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André Adolphe-Eugène Disdéri 
Giovanni Mateo Mario (1810-1883), Tenor 
Carte de visite 
Private collection of T. Max Hochstetler 
Giovanni Mateo Mario "Cavaliere di Candia" (1810-1883), Italian opera tenor
Born into an aristocratic family the son of General di Candia on 18 October 1810. His career as a singer was the result of accidental circumstances. Mario gained officer rank in the Sardinian army until he was imprisoned at Cagliari for a trifling offence. When his sentence ended he attempted to resign his commission but was denied leading him to desert the army and flee to Paris.
There he gained some success as amateur vocalist which led to an opera engagement. He studied two years in Paris with Bordogni and Ponchard, and had debut at the Paris Opera in 1838, in the title role of Meyerbeer's "Robert le Diable." During his career he appeared to great acclaim at all the major opera houses of the world, including St. Petersburg, New York, and Madrid. Elegantly handsome, with a winning stage presence, he had an extraordinarily sweet-toned tenor voice. Mario made his London debut at Her Majesty's Theatre as Gennaro in Donizetti's "Lucrezia Borgia" on 6 June 1839 and was seen in that role by Queen Victoria two days later. The Queen found his voice "very fine and full of feeling" and noted in her Journal that he was "tall, quite young and very handsome." During the next 28 years the Royal family heard Mario on many occasions, sometimes he sang at Covent Garden where he sang from 1847, and sometimes in concerts performed at Buckingham Palace. The last time the Queen heard him sing was at the ceremony to mark the laying of the foundation stone of the Royal Albert Hall on 20 May 1867, when he "sang his solo beautifully."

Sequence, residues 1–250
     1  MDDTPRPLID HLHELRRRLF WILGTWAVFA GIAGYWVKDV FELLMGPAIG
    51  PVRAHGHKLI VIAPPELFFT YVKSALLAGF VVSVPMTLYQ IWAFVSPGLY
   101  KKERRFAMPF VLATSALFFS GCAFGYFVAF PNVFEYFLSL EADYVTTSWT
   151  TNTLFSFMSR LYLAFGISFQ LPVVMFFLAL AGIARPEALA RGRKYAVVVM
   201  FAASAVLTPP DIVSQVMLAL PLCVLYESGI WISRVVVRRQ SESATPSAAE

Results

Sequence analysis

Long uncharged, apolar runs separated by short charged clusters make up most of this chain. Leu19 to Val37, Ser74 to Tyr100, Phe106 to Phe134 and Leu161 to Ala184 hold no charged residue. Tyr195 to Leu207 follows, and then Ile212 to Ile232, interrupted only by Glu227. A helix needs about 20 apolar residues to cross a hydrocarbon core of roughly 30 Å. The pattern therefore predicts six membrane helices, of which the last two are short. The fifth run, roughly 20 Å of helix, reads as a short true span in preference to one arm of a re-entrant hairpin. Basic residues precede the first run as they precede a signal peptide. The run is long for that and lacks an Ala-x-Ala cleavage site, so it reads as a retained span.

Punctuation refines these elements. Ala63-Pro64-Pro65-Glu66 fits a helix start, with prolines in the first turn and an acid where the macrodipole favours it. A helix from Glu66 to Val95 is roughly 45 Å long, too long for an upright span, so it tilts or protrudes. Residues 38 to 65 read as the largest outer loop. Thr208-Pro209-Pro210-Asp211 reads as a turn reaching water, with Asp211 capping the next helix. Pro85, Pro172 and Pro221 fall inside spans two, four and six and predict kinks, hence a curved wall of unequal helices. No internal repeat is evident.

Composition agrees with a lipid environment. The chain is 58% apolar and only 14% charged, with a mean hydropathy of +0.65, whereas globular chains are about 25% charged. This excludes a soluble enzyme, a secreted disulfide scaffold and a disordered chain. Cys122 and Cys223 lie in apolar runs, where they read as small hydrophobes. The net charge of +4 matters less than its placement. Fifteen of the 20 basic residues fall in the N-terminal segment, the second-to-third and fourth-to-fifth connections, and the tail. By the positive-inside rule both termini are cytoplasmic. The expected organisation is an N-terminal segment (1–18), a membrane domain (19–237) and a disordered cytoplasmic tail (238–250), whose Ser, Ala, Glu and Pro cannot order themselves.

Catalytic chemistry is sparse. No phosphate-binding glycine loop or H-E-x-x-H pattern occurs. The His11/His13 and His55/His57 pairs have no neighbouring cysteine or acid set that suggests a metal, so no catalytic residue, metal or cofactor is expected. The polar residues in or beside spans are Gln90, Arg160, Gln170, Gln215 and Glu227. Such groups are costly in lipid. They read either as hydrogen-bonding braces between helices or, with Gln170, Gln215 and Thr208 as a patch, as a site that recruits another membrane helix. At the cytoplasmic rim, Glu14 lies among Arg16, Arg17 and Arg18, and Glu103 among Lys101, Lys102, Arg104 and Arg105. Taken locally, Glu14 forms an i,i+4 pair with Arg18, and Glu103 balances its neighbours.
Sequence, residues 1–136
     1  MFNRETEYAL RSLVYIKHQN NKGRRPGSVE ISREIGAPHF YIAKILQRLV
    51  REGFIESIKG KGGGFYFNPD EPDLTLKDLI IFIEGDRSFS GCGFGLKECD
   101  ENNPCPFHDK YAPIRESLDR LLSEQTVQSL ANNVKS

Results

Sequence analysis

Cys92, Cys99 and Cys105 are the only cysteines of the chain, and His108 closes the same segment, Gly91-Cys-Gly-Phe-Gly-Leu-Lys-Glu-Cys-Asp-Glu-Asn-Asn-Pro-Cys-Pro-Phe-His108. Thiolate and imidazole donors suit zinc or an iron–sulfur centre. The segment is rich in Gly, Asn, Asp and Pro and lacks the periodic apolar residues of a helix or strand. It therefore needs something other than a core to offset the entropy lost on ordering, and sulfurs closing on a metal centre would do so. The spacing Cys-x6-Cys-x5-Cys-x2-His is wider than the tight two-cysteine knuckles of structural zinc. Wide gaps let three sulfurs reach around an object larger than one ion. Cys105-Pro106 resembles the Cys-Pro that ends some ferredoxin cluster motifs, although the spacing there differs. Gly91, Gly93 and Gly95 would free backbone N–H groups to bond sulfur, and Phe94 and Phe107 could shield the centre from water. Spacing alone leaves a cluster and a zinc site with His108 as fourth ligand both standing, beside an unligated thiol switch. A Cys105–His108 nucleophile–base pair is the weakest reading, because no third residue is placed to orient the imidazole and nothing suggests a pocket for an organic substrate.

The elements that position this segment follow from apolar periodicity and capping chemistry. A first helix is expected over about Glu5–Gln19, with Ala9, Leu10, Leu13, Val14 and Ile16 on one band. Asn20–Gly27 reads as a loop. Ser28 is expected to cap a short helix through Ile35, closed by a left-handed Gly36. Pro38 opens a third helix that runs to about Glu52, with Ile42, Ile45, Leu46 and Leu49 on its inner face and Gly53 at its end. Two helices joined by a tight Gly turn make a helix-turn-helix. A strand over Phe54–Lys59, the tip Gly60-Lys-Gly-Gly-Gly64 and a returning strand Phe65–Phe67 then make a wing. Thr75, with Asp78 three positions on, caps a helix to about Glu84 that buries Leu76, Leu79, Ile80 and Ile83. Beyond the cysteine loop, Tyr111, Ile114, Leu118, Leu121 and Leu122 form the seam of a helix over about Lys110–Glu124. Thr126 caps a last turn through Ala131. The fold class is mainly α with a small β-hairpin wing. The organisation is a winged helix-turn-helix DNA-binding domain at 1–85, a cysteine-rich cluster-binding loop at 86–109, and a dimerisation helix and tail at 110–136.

His stage partnership with the soprano, Giulia Grisi, from 1839 was one of the most successful in operatic history. They were married in London. Their daughter, Mrs. Godfrey Pearce, later wrote her father's biography, "The Romance of A Great Singer: A Memoir of Mario," published 1910. Mario retired from the stage in 1871, although he returned to tour the U.S. with Adelina Patti 1872-1873. From then until his death he lived in dire poverty, having spent all the earnings of a long career. Mario died in Rome 11 December 1883. Queen Victoria was much grieved to hear of Mario's death, and wrote, "he was the greatest tenor that ever existed and had a most heavenly voice ... with such feeling."
(Kindly contributed by T. Max Hochstetler, June 2007) 

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